By Chris Lane
By Jeff Balke
By Aaron Reiss
By Angelica Leicht
By Dianna Wray
By Aaron Reiss
By Camilo Smith
By Craig Malisow
The 19-year-old aeronautical engineering major at Purdue University -- he was quick to point out it is Neil Armstrong's alma mater -- has been working the spring semester at NASA and vows to someday be an astronaut exploring the final frontier. His goal is to conduct scientific research experiments on shuttles like Columbia. A skinny kid who wears aviator glasses, Grant has already landed a pilot's license. He's watched The Right Stuff at least 100 times, is a fifth of the way through a Buzz Aldrin book and tries to meet every astronaut he can.
He's mastered the clipped technical lingo of space scientists, which was readily apparent from his description of viewing Columbia's launch from Mission Control more than two weeks ago:
"It was nominal; it was how we want it," he said. "The trajectory, the speed, the solid rocket booster separation looked perfect. Everybody was smiling and pleased that it was a job well done."
In the predawn hours this Saturday, he picked up his father -- John Grant, a University of Dayton physicist in for Mike's birthday celebration -- ate a bowl of Cheerios and readied himself for the euphoric ending of the Columbia mission.
Mission Control workers had seemed casual -- chatting, saying hi to new arrivals and busying themselves with phone calls. About 8 a.m., the distractions stopped. Shuttle temperature sensors and tire pressure readings were going haywire.
Major Charlie Hobaugh at Mission Control hadn't sounded alarmed, though, in talking to the crew: "We see your tire pressure message and we did not copy your last."
"Roger." That was the last word from Commander Rick Husband that Grant understood.
Grant, although a novice, soon realized what the others in the cavernous room already knew: There were big problems.
Silence. Mission Control kept asking if the shuttle copied. It didn't. More silence.
"I just stared at the screens in front of me," Grant said. A CNN news feed flashed on with video of the speck of a shuttle breaking up against the bright blue sky.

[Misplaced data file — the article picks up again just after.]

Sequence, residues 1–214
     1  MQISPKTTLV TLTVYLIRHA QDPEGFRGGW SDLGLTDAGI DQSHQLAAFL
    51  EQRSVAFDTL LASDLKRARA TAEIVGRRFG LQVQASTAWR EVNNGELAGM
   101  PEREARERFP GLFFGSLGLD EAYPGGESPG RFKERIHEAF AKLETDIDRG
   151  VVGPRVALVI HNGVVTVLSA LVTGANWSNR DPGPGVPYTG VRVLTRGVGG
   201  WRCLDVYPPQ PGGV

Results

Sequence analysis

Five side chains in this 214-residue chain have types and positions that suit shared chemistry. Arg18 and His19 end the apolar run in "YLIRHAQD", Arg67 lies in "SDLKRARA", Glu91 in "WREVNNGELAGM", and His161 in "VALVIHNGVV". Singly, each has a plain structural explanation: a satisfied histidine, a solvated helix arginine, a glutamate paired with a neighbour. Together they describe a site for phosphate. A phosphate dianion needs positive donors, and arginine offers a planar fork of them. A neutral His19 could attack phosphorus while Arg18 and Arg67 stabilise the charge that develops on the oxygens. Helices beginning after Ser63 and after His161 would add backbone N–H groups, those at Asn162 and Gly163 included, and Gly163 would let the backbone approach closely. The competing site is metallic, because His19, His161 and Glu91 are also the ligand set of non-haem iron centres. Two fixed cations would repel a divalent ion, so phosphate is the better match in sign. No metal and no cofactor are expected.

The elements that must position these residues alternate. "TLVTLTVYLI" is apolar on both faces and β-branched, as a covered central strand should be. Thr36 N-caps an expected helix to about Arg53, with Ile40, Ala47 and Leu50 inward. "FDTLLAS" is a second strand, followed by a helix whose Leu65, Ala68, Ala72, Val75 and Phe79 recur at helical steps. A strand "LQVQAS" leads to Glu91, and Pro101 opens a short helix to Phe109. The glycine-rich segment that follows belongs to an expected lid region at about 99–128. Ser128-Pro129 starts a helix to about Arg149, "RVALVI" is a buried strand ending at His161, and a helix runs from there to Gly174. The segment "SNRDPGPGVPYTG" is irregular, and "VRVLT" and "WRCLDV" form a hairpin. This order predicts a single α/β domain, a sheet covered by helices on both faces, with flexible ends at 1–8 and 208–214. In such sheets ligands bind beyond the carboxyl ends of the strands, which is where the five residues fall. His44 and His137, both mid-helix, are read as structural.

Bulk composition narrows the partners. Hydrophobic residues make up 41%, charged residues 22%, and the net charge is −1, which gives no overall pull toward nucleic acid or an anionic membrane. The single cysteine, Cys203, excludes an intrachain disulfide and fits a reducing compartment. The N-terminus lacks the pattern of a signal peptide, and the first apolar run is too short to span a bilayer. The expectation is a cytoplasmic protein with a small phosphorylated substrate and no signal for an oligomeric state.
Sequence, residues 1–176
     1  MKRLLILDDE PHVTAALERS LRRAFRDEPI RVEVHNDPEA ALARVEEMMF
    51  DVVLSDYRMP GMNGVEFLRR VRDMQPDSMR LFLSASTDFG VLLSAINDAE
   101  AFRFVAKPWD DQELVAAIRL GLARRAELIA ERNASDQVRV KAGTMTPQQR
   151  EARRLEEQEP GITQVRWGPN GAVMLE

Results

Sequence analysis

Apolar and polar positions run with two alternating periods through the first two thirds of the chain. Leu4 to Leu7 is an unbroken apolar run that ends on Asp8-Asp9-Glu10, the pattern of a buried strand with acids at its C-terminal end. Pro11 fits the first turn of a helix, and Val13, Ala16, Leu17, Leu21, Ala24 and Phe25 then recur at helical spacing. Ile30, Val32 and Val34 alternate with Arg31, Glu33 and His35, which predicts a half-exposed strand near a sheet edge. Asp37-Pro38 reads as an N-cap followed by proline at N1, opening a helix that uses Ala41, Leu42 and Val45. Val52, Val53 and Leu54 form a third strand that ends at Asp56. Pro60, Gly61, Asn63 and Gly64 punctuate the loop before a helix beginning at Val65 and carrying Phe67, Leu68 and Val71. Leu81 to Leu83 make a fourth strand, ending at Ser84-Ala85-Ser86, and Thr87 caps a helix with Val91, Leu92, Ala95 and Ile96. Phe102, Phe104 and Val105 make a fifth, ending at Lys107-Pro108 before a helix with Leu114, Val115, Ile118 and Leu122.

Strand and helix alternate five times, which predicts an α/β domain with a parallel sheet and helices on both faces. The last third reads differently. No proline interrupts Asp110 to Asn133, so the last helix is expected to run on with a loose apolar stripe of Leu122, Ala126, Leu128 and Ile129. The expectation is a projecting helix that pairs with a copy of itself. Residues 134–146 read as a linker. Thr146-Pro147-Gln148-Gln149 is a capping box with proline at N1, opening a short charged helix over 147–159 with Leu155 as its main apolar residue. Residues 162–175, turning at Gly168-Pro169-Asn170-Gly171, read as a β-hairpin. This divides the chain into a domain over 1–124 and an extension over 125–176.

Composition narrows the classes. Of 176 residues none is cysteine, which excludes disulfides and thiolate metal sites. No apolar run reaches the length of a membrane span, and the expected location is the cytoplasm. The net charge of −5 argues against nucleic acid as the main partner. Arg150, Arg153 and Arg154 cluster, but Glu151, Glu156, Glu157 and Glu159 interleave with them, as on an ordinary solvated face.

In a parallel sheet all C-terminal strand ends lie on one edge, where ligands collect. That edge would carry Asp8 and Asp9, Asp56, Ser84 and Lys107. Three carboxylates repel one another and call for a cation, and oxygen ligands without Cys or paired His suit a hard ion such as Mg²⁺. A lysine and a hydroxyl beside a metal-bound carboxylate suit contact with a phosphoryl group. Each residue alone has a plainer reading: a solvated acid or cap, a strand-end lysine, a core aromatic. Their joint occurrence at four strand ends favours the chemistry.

A security guard told Grant that since he was just watching and not working, he needed to get out of NASA's way. Word finally came that Columbia was indeed returning to Earth -- as no more than bits of debris showering down over East Texas.
A small cluster of cars driving down Interstate 10 in Katy had an emergency cell-phone conference call to discuss aborting its own mission.
Richard Herrera was one of the chauffeur/chaperones for Sprecht Elementary School students' Saturday-afternoon field trip to Space Center Houston, the NASA-themed educational amusement park attraction. Herrera was the first to hear the ominous news bulletins on the radio. He had loaded his kids in the car and left San Antonio at 6:30 a.m. and was just outside Katy when the radio broadcast the information.
"We didn't believe it," he said. Herrera called another father in the caravan, told him to turn off his Journey CD and turn on the radio. They had their should-we-keep-driving-or-turn-back discussion. The final miles were spent fielding calls from grandmothers, reassuring them that the children weren't heading into a storm of toxic debris.
The kids played in the car. And they continued playing at Space Center Houston, running around the giant LEGO astronaut, screaming and climbing on the robotics displays. Inside the Zero Gravity Diner, adults sat with stunned, shell-shocked expressions. Some stared blankly over star-shaped french fries and Caesar salads looking like they wanted to cry and debating whether the disaster had been the result of a terrorist attack aimed at the Israeli astronaut on board. Others said NASA had cut too many corners and maybe it was just surprising that it hadn't happened sooner.
Reactions from visitors revealed the obvious: Shuttle missions have become so routine that most people, even in Space City-dubbed Houston, were no longer aware of them.
Andreas Lipski, a tourist from Berlin, hadn't listened to the news, and like many people didn't even know that the shuttle was in space -- much less that people had died.
"Civilians or astronauts?" he asked.
"Oh, fuck," he said. "Another tragedy."
Awareness began to become apparent at the cash registers inside the tourist attraction. Hardly anyone had bought Columbia pins and patches before Saturday. But the gift shop quickly sold out of a new shipment by lunchtime, said Blanca Ontiveros, the 20-year-old cashier.
Her thoughts were with shuttle pilot William McCool, whose picture and biography she has next to the register. His son, Chris, worked with her in the gift shop last summer. She said he kept bragging about how neat it was that his dad had gotten picked for this mission. "We haven't heard from him yet," Ontiveros said.
She spent the morning hoping that his dad was alive and that everything would be okay.
Tension began to escalate nearby, at Johnson Space Center. Security guards yelled at part of the caravan from San Antonio when they made a wrong turn in the parking lot and began to edge near off-limits areas. The Space Center tours were halted, as well as the tram that takes people to peer through the glass of Mission Control.